Among Molly Ringwald's iconic teenage roles was For Keeps, the story of a pregnant high-schooler who chooses to keep her child. Last night, she told me what still bothers her about the movie and her problem with Bristol Palin's message.
At the party for Molly Ringwald's new book, Getting The Pretty Back, I asked her about that movie, in part because she's probably less sick of talking about it versus Sixteen Candles, and in part because I think it's a good topic for our Girls On Film series (more on that forthcoming!). What she said about her experience with the movie was pretty interesting:
"When I made the movie, I really did want to make a realistic movie about what it was like to be a teenage mother. Unfortunately, the script I wanted to do wasn't exactly the movie it became," she said. What was different? "Well, it just became a lot more sort of, us against them, and they sort of triumphed in the end. And I just think that realistically when you make that decision it's a lot harder and more complicated than the movie made it seem. Being a mother of three and being married with a husband that's very active in their lives, it's still difficult. But being a teenager and not finishing high school, I just think the reality of it is so much more difficult. And I would have liked to have shown that more."
Ringwald was about 18 at the time, and as she pointed out, she wasn't the director, so that was that. Still, she regrets how the project turned out. "I didn't want to give the wrong message to teenagers. I sort of felt a certain responsibility -– I mean, I was a very, very famous teenager and I thought a lot of teenagers were looking up to me and emulating me, and I really didn't want to make a movie that said in any way that having a baby at that age was going to be easy."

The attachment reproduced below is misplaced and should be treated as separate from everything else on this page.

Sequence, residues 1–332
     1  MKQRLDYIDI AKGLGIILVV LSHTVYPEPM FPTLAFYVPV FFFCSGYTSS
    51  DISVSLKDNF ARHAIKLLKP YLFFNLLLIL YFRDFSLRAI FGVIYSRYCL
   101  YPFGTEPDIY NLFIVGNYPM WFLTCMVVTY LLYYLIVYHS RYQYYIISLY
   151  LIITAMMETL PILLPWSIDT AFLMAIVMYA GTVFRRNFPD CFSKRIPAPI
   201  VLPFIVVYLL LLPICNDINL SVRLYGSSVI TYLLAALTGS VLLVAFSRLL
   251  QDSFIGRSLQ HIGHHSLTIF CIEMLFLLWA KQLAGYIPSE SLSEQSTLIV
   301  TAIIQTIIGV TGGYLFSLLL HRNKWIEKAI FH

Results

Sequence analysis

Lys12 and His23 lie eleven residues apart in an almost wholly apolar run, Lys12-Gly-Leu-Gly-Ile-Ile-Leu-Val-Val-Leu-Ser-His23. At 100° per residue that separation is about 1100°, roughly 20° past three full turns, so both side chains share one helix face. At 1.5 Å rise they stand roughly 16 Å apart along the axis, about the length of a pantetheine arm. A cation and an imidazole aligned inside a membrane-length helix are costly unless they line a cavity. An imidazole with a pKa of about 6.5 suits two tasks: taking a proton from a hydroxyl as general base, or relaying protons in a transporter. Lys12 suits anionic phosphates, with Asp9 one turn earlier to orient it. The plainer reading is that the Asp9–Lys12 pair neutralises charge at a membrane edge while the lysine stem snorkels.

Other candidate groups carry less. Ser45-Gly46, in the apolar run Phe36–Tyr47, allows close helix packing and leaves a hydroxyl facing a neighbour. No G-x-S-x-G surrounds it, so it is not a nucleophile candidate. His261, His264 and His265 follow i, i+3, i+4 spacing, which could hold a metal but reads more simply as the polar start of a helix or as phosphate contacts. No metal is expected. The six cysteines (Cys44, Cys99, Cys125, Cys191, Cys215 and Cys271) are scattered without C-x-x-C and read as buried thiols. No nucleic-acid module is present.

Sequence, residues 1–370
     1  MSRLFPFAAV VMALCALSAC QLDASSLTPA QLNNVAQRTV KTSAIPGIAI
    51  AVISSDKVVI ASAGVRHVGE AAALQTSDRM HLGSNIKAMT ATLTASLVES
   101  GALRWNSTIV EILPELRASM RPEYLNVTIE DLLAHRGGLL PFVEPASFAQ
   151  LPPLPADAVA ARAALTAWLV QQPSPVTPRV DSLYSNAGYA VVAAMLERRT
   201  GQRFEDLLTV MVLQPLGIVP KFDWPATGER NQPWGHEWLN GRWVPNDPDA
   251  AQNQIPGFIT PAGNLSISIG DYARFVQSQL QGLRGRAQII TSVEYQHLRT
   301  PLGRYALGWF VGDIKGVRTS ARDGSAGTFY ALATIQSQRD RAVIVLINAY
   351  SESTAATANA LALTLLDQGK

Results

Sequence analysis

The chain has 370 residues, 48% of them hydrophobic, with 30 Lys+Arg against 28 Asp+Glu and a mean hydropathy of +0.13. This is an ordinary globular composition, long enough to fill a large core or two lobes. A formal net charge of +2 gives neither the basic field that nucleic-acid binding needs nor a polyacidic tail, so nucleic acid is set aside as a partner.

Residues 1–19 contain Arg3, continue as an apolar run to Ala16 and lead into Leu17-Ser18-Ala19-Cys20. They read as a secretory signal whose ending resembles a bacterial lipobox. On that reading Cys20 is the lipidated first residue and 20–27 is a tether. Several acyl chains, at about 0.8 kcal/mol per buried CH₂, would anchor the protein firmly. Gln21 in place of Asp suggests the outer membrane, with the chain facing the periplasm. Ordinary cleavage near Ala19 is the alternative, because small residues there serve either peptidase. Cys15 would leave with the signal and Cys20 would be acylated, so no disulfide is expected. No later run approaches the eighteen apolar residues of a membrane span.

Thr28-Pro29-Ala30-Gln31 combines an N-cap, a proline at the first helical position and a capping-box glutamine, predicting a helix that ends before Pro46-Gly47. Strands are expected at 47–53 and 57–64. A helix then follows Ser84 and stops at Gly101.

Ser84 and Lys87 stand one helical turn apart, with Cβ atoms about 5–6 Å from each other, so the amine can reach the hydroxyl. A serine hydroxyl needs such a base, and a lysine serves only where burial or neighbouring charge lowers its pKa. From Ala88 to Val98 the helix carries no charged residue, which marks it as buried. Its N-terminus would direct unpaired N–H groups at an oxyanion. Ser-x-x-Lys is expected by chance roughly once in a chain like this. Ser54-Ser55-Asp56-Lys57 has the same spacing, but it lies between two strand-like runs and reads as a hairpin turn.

I asked her about a more recent representation of teen pregnancy in pop culture: the one that involves Bristol Palin.
"To me, it's not a revelation that a teenager would get pregnant," she replied. "Of course. I mean, your hormones are raging, that's what teenagers do. What seems crazy to me is that people would say you're not supposed to talk about it, or preach abstinence. I don't believe in Bristol Palin's message. I think she's a lovely girl. She played a part on the show that I'm on, The Secret Life Of The American Teenager. I don't have anything against her personally, but I do not at all agree with her message of abstinence. I think it's totally unrealistic."
So what was she suggesting as the alternative? "Communication. I mean, that's what I want for my kids. I want to communicate with them, and I want my daughter to feel like she can talk to me about all of that, and also to respect herself and protect herself."
Consider the record set straight.